— Feeding The Need. Essay, Research Paper


It could not happen to me or my family. That s what everyone thinks. There are many different types of addictions and whether it be drug, alcohol, cigarettes, gambling, spending, food, or sex, they all have basically the same self-destructive tendencies.

Drug addiction can go unnoticed at first. There are a few slight clues, but you just put them together. He comes home with his eyes open wide, dry mouth and there is a noticeable twitch in his hands. She had seen that twitch and those eyes before but dismisses it as his fatigue, since he had not been sleeping much lately. He is gone again but he will be back soon. When he does come back home she notices the smell of alcohol and there is that twitch and dry mouth again. She decides that it is time to ask if his old habit has come back. He bolts out a firm No, are you crazy? Almost making her feel bad for asking. She did not want to insult him. She apologizes, although deep down she knows. She does not want to face it but the light comes on and there are more and more signs; more time spent in the back room (his sanctuary) and more nights of staying up all night. Then come the times when she has to call his work and tell his boss that he has the flu or something and cannot make it to work.

She retreats into her own world. Trying desperately to keep the family together and at the same time trying not to let herself fall apart. Every day is like the movie Groundhog Day. She wakes up every morning at 5:45, gets ready for school, gets her oldest kids up for school, her youngest ones ready for daycare, and her husband ready for work. Then she s off. She drops her kids of fat daycare and starts her forty-five minute drive to school. Sometimes, on the way, the music can t get loud enough to drown out the voices within. The voices that tell her that she shouldn t put up with what her husband puts her thorough and those are the same voices that tell her she doesn t deserve any better than she s got. Many women would love to have what she has. Her husband is a good man, he doesn t beat her, he is a good provider; she doesn t have to want for anything – material.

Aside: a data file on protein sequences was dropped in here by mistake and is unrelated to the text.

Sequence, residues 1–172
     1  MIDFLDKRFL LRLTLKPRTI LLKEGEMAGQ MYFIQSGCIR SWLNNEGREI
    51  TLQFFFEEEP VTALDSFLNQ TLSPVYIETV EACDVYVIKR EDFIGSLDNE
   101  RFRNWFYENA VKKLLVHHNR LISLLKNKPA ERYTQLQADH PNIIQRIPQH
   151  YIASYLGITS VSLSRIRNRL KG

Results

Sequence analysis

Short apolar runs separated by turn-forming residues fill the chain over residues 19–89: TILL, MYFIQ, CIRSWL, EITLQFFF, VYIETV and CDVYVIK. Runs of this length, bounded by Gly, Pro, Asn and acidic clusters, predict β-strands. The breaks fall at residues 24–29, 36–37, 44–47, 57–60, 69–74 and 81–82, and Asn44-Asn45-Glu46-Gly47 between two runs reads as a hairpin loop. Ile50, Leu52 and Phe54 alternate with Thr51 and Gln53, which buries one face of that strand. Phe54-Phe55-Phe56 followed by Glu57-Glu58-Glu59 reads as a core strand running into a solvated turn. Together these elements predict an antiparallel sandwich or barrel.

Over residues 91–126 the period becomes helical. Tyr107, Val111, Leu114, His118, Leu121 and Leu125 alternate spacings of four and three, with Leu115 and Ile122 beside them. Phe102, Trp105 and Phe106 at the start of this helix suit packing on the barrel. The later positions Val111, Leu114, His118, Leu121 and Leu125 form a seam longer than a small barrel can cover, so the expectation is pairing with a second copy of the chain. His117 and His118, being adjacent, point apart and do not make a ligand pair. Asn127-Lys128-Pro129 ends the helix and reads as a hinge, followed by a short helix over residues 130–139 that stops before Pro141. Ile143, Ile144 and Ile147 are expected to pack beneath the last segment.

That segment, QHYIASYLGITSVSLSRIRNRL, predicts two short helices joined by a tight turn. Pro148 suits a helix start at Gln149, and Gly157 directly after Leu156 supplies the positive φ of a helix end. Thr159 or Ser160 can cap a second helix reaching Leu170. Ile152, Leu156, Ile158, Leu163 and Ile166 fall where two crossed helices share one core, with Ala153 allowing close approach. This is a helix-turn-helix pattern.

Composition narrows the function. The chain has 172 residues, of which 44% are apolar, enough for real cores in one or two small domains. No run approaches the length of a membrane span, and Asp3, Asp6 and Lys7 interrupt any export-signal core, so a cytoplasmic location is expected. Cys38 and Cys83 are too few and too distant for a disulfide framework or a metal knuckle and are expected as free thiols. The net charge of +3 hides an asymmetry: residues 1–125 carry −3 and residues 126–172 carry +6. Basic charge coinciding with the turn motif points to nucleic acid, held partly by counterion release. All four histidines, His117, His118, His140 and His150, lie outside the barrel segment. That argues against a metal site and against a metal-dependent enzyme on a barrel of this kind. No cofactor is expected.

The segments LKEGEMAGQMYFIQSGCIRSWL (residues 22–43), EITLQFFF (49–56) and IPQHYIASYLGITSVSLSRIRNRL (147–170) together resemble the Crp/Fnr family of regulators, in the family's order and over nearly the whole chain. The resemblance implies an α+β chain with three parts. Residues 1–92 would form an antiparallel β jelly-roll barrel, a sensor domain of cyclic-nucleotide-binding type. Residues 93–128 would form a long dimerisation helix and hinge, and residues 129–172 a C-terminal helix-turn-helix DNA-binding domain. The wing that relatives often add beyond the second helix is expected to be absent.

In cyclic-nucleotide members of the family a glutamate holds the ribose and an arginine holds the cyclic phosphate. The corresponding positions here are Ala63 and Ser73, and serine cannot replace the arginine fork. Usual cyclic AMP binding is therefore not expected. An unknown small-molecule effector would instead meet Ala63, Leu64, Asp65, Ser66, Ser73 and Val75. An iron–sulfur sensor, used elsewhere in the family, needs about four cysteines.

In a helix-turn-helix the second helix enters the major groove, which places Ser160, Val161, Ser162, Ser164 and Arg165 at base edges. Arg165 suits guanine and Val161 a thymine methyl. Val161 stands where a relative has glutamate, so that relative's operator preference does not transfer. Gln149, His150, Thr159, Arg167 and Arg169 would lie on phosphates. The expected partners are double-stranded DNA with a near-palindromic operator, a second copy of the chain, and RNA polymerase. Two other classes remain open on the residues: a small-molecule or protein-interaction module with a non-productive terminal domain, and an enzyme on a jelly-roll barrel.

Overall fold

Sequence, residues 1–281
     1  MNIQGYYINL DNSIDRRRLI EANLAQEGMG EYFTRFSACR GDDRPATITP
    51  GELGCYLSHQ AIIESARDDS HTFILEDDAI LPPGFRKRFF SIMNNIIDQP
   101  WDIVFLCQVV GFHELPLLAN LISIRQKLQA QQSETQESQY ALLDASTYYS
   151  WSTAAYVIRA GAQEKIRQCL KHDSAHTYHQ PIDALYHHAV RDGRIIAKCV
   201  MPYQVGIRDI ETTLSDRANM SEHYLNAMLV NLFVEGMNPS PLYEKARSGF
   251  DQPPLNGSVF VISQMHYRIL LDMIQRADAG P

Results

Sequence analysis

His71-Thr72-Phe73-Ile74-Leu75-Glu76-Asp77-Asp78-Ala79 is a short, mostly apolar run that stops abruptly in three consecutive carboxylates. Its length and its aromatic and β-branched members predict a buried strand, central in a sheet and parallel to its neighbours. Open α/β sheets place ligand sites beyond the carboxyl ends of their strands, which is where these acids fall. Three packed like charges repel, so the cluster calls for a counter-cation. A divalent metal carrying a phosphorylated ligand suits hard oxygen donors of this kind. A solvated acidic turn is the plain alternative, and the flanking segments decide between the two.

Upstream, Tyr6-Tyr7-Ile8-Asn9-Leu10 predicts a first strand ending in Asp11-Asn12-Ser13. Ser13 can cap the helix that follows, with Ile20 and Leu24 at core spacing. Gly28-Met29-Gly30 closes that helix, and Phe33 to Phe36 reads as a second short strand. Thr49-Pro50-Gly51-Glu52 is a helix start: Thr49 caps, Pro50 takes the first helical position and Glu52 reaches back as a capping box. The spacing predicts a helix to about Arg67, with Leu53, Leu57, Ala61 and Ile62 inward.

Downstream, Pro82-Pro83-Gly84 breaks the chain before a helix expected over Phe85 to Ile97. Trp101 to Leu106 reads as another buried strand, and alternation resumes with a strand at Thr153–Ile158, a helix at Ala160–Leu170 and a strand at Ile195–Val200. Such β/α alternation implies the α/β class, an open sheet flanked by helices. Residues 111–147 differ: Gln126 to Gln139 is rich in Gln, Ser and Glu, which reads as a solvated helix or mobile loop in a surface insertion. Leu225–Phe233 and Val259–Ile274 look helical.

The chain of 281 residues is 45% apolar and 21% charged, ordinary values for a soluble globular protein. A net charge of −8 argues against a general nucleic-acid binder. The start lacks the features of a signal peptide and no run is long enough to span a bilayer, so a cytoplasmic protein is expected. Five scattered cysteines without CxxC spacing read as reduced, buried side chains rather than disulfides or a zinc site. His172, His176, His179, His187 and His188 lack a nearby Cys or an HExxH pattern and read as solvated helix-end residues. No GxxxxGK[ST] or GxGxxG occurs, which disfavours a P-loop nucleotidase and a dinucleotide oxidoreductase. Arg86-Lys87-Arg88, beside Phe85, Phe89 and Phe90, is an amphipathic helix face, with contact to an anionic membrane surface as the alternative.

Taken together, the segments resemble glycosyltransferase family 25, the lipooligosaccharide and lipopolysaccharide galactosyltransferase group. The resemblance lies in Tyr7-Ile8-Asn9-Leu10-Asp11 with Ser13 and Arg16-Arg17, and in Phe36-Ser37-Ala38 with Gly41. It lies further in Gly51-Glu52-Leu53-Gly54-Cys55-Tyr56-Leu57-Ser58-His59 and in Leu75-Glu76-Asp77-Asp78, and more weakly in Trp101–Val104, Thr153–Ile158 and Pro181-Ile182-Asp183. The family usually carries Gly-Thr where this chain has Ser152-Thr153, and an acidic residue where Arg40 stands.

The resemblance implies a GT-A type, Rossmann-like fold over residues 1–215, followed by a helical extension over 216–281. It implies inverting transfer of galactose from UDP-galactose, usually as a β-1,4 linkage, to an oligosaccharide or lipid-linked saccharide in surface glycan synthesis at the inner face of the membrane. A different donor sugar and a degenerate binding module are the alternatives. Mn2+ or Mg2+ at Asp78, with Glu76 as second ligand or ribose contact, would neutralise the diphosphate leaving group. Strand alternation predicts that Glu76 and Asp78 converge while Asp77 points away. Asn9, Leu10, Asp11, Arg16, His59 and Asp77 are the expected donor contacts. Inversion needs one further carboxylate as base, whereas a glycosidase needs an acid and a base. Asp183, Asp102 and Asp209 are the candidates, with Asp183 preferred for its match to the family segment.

She gets to school-salvation. Adult conversation abounds and yet adolescent mentality still rears it s ugly head. Just enough to add to the voices and pressures already present. School s over and the forty-five minute mental conversation is once again in session.

She picks up the kids and heads home. As soon as they get in the door the madness begins. The girls are screaming at each other, screaming at her. They are hungry, they are thirsty, they peed in their pants, or any other reason they deem necessary for a scream. She believes that sometimes they scream just to see how long it will take her to scream. By that time the two older kids are home. Of course they need her too. They need help with their homework, problems with school, transportation to a friends house or a school event, and of course, they too are hungry. Feed, read, change, calm, smoke, and reflect on what is yet to come. Meanwhile, the house is a mess. The litter box is overflowing. Laundry is piled up to the ceiling, and dishes-oh, dishes. The sink is completely full, the counter is full, and sometimes even the stove is full.

Now the husband is home. He is hungry. The dishes are all dirty so, she feeds her spending addiction by ordering take-out again. She continues feeding the needs of the family she loves so much. Longing to have her own needs fed. Her husband needs clothes and a towel because he is going to take a shower. She obediently gathers clothes for him. At the same time she wonders what it would be like to take a shower alone, with no interruptions. No kids in there peeking past the shower curtain. Or in the event that the door would happen to be locked, to not have anyone crying and beating the door down.

Smoke, eat, feed the needs. He is showered and dressed and either in the back room or he ll be back in a little bit. . But not before he tells her what needs to be done. Like she can t see that the livingroom is a mess, the dishes need to be done, he needs clothes washed, and the litter box is way out of control. It s about 9:00, the older kids go to bed but the younger ones still need. Need to scream, eat, pee, fight, and love. By 11:00 they are finally asleep. She gets to go to bed now, but there are needs to be met even there – not her own though. Sleep, wake, smoke, begin again-feeding the needs.

She holds on, looking forward to Friday and Saturday. She begs him for some time to herself. Begs to go to the bar. OK, but she has to feed the needs first. The kids and hiss, then she can go. But she has to be back by the time limit he gives her – or else! She is finally dressed, has her face on and is out the door. Now, if only for a couple of hours, nobody needs her. She is nobody s wife, nobody s mother, and nobody s maid. She seeks comfort in alcohol, which makes her numb. And comfort in the attention and affections of men who want her, not need her. As fake and pitiful as it may truly be, she feels beautiful and sexy and wanted. At least for that one night. Spend, drink, smoke, feeding her needs now.

Then before she realizes it, time s up. Like Cinderella she has to get back home where she turns back into a frumpkin. But there s no Prince Charming coming with a lost show to sweep her off her feet away from the madness. So the next day she s up again at 9:00 to begin again – feeding the needs, not her own.

Whose addiction is more self-destructive, hers or his? Who can say. Because like beauty, self-destruction is in the eye of the beholder.


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